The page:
And he’s not speaking only of Russia and Ukraine. There’s also China’s rise as a regional power. Thus, the U.S. and the Philippines signed a treaty today; large numbers of U.S. troops will return to the Philippines for the first time since they were kicked out in 1991.
China’s reaction is little surprise: “Given that the Philippines is at a bitter territorial row with China, the move is particularly disturbing as it may embolden Manila in dealing with Beijing,” said the official Xinhua news agency.
“By background, training and temperament,” says Byron, “most elected U.S. politicians are not well versed in big-time international diplomacy. They’re not strategic thinkers in the Naval War College sort of way. At a personal level, they’re out of their comfort zone and have to rely on think tankers and subject matter experts for advice.
“The next few years ought to display entire new levels of budget programming for U.S. defense firms” — notwithstanding talk of tighter budgets in Washington right now. Consider the iShares Aerospace & Defense ETF: It marched in lock step with a rising S&P 500 during 2012 and the first half of 2013… and then broke away decisively last summer. It’s up 60% in two years.
“We’re on the cusp of a new, investable era in the defense sector,” says Byron, “while the ‘end of history’ touted at the end of the Cold War recedes into the distance.”
Gold traders are unimpressed by the geopolitical turmoil — for the moment, they’ve driven the Midas metal back below $1,300, to $1,296.
One of the most powerful trends in gold is starting to change… but we caution the change might not be meaningful.
China’s gold imports via Hong Kong totaled 105.8 metric tons in March. That’s now two months in a row in which the figure is lower than a year earlier…
The mainstream is all but declaring China’s gold grab the last two years to be over. “Chinese demand may be more price-sensitive than we had thought, taking a hit as gold prices climbed too fast,” one trader tells Bloomberg.
But as we’ve long said, China’s gold imports are a black box. Only the Hong Kong figures are disclosed. Imports via Shanghai and Shenzhen are a closely held secret. And as we told you last week, imports are now being allowed through Beijing, too.
“I like gold miners here,” says Matt Insley of our natural-resources team.
“We’ve found a sturdy floor for gold prices above $1,200,” he explains. “It’ll take a large force to push gold below $1,200 and keep it there.
“This chart is all-important,” Matt goes on, “because it tells the tale of the short- to medium-term gold market.
“After hitting a high of $1,900, gold prices marched lower and continued to fall until we found support at $1,200. That is, twice since mid-2013, gold prices tried to push below $1,200, and twice, prices sharply rebounded. The second time this happened, in December 2013, we can consider this ‘confirmation’ of that price support level.”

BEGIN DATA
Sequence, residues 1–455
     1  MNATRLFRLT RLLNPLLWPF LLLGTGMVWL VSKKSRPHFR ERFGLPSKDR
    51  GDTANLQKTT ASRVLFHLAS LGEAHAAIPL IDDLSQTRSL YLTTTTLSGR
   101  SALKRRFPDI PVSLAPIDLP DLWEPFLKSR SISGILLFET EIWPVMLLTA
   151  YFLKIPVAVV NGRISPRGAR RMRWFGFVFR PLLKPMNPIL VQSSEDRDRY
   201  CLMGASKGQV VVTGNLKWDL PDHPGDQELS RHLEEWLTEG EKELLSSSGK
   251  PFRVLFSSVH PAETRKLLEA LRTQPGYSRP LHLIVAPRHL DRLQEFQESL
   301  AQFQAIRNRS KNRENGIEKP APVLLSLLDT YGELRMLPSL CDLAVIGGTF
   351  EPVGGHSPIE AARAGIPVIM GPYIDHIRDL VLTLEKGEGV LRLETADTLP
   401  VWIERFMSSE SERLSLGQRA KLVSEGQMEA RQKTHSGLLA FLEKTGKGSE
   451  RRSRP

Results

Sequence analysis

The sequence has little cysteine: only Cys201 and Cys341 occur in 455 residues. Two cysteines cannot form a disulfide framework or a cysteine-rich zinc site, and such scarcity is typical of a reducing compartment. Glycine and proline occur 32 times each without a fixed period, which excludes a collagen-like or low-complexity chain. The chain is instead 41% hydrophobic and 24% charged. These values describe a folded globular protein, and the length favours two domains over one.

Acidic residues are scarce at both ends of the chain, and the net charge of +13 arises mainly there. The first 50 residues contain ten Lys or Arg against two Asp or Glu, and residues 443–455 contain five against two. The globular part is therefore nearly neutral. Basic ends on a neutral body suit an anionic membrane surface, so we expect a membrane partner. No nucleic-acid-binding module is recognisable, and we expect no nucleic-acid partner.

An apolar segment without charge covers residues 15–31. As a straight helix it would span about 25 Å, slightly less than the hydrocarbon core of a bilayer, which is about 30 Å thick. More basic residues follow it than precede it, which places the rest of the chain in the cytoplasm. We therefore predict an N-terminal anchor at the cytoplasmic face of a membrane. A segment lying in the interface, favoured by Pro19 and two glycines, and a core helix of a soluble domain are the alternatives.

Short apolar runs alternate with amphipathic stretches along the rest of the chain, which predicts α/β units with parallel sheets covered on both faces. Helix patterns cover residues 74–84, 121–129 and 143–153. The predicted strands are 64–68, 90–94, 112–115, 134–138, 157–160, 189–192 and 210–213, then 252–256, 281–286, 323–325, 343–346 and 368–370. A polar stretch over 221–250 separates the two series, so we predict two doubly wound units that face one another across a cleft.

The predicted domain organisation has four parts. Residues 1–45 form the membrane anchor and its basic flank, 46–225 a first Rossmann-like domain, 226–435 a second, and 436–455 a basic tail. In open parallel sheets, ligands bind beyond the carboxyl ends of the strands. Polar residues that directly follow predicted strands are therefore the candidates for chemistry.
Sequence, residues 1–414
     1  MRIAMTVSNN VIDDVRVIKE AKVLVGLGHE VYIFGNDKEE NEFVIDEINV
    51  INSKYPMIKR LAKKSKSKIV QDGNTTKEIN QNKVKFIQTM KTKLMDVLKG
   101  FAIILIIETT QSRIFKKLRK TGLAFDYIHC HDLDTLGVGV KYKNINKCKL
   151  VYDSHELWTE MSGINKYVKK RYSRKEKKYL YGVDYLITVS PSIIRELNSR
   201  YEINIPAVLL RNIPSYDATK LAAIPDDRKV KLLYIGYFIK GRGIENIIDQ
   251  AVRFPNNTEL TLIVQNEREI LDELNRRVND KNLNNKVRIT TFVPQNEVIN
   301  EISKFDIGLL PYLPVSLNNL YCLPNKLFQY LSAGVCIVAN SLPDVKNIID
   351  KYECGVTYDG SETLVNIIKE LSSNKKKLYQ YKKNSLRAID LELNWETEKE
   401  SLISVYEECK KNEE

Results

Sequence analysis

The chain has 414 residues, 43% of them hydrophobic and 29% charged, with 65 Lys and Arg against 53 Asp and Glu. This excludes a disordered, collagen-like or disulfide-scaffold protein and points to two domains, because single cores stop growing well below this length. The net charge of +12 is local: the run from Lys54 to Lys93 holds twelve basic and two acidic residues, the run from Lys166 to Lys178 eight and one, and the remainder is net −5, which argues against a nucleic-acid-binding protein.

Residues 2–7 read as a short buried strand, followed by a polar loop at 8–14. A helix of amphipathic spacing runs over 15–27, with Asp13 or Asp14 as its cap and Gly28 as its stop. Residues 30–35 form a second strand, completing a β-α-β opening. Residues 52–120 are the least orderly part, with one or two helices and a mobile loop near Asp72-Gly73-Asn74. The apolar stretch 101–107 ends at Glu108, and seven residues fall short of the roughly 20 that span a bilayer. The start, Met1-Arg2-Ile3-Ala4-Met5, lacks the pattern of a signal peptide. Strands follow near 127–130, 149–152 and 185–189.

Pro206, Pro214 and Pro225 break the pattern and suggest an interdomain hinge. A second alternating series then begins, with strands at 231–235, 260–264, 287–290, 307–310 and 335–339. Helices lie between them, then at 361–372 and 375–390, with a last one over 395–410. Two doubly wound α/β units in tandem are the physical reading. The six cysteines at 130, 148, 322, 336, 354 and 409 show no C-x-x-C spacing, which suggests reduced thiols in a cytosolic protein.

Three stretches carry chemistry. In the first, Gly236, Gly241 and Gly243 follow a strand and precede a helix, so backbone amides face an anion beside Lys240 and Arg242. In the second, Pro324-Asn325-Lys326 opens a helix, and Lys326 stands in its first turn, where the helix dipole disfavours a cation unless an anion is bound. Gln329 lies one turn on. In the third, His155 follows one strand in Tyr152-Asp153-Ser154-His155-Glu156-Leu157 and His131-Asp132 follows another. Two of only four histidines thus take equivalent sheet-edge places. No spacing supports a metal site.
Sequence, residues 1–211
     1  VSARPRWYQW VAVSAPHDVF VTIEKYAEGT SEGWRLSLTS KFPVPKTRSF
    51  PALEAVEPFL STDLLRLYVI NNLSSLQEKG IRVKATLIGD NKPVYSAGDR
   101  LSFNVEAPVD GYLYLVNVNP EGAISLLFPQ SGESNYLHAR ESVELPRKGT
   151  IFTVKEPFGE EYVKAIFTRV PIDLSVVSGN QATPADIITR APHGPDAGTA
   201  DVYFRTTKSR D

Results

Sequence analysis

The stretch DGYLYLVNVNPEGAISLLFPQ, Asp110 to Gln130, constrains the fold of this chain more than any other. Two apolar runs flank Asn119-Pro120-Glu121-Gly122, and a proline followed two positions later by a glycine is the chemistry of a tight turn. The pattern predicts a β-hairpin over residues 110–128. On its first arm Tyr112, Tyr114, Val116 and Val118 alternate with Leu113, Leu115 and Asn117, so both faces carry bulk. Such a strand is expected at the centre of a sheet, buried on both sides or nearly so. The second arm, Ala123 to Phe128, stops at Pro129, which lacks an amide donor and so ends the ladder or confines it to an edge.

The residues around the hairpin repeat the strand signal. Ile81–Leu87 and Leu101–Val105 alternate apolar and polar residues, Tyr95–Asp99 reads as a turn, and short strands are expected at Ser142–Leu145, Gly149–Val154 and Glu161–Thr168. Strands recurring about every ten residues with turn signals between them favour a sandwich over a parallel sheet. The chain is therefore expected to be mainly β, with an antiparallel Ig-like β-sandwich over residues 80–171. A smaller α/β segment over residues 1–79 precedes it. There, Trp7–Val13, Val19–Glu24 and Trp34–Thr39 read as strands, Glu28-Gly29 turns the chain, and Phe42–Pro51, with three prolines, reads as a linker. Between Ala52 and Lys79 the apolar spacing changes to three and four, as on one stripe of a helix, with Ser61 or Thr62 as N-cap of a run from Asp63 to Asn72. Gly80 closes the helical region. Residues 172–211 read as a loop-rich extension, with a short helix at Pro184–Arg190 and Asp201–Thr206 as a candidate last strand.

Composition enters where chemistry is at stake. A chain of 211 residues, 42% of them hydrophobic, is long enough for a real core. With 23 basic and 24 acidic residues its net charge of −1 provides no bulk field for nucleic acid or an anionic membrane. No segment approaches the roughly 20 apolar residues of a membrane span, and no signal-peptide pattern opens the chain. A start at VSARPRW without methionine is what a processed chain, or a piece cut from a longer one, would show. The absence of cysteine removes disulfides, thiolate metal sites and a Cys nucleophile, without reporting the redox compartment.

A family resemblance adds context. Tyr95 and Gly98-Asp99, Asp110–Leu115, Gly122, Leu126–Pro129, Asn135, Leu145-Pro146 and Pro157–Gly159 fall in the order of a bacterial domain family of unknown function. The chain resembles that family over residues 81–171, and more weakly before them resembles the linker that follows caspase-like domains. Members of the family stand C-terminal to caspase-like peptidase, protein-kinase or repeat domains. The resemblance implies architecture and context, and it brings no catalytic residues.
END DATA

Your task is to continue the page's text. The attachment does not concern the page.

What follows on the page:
Not by coincidence, that was the moment the miners started to move. “The reason miners caught a bid is simple,” says Matt: “Up until that point, analysts simply couldn’t get a good read on where the price of gold was heading. Without a reliable commodity price, it was impossible for anyone to grade a miner.
“But with price support at $1,200, the calculators start humming.”
“This is the greatest lost treasure in United States history,” geologist and treasure hunter Bob Evans tells Bloomberg.
Evans set out last week with the crew of the Odyssey Explorer — owned by our friends at Odyssey Marine — to recover the lion’s share of the booty in the wreckage of the SS Central America.
As we mentioned six weeks ago, Odyssey won the contract to recover the coins and bullion from the “Ship of Gold” — which sank during a hurricane off South Carolina in 1857.
The wreckage was located in 1987, and Evans was part of the original salvage effort before it got tied up in two decades of litigation. Now at age 60, he hopes to help recover a haul of metal from the California gold rush that might be worth as much as $86 million. “It’s essentially a four-story collapsed building at the bottom of the sea,” he says.
7,200 feet deep, we hasten to add…
“Too many assumptions,” writes the fellow with whom we’ve been having a back-and-forth about the gold standard. On Friday, we described the guts of Lewis Lehrman’s contemporary gold-standard proposal — setting a price per ounce higher than the cost of production, but without letting nominal wages fall.
“The production cost of gold,” our reader writes, “varies with its location and difficulty of mining, even if equipment and labor costs remain constant, although they may fall due to deflation.
“The last gold standard failed because the defined unit, 1/35th ounce per dollar, was violated by Congress’ financing its overspending by printing more dollars than they had gold to back it. My question remains: Why would this not happen again?
“If we must rely on the discipline of Congress, then why would not a balanced budget amendment accomplish the same as a gold standard?”
“Any gold standard maintained by a government relies on trust in that government,” writes another reader, expanding on the point.
“That is why the only durable gold standard would have nothing to do with the state. It is also not dependent on the particular transaction technology like paper redemption notes, plastic wallet cards, electronic transactions or smartphone apps. That is all about the system of trust relationships with depositories of the underlying gold money (plus silver, platinum or whatever the market accepts).
“The U.S. had close to this standard for the later half of the 19th century, and it was accompanied by 3% unemployment and 6%-plus GNP growth. Your reader who challenged you may have to read a bit to understand the concept to his satisfaction. I know I did.
“What people don’t understand about a currency is that its strength relies on the fiscal prudence of the government, and governments are obviously the least prudent entities around.”
The 5: Well, no argument there.
“I always tell people who say we’re not on the gold standard that, in a way, we are,” Jim Rickards told us in an interview last summer. “You can put yourself on a personal gold standard just by buying gold. In other words, if you think that the value of paper money will be in some jeopardy or confidence in paper money may be lost, one way to protect yourself is by buying gold, and there’s nothing stopping you.”
The 5 Min. Forecast